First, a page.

Among the most distinctive features of the building is the inclined timber brise-soleil on the south and west facades, which along with the double skin shell reduce solar intrusion and heat gain. Natural light at the Mycology library comes in through a long and narrow skylight, maintaining the fungi at the right conditions, while keeping the energy usage to a minimum. To maximize daylight and natural cross-ventilation, the offices were designed with various sizes and different height windows that could be left open or closed according to the changing weather.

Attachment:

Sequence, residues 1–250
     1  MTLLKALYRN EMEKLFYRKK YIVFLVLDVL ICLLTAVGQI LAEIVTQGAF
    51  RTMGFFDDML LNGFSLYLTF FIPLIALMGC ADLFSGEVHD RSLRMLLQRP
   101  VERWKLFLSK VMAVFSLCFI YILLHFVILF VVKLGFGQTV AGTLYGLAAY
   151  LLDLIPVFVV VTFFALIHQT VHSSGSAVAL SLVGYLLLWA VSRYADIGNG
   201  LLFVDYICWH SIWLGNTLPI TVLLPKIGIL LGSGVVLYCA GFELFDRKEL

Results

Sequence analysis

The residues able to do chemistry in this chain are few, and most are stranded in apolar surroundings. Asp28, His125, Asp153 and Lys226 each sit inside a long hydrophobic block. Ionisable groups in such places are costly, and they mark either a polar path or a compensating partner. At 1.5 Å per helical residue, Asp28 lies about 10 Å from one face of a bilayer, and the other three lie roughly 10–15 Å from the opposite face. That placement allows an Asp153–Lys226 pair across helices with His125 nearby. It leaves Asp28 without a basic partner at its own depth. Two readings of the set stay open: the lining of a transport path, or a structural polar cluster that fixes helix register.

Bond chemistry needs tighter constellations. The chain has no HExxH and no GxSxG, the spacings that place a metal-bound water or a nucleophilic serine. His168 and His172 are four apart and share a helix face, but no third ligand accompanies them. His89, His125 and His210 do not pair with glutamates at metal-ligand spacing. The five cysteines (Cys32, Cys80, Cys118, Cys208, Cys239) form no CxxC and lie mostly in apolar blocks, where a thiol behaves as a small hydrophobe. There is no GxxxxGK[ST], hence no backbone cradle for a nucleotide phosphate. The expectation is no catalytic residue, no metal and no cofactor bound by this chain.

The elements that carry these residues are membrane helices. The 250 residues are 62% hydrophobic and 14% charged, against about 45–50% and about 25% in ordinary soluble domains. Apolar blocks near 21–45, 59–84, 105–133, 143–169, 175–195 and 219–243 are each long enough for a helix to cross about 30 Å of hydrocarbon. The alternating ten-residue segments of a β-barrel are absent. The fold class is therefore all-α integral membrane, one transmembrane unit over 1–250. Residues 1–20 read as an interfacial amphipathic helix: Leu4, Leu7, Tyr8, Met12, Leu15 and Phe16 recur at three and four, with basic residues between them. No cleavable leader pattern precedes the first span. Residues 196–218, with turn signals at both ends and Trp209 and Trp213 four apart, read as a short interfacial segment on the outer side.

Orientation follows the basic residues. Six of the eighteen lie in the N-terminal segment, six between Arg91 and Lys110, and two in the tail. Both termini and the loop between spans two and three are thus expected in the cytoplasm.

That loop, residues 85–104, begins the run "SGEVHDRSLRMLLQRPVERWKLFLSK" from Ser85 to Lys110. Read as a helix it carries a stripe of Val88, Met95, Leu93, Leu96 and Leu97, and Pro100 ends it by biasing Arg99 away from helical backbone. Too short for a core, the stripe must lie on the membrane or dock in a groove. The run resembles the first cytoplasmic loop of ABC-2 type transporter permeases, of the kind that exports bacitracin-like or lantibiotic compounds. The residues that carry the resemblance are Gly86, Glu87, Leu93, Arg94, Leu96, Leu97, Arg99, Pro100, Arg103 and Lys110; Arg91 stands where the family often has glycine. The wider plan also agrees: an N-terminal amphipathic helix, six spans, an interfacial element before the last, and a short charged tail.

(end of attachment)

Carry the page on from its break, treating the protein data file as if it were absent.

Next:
Exposed internal concrete surfaces reduce the internal temperature and U-values of the building during the warmest days of the year, while cooling the building at night as the heat is released. Low energy high frequency luminaires brightens the Centre for Economic Botany — a world-class plant and fungi lab and research site.
Out in the gardens, a gorgeous aquatic garden full of floating water-lilies is the perfect landmark for a fantastic building that has provided the resources needed to develop anti-cancer, anti-inflammatory and anti-diabetic properties from plants.
Photo © Ana Lisa Alperovich for Inhabitat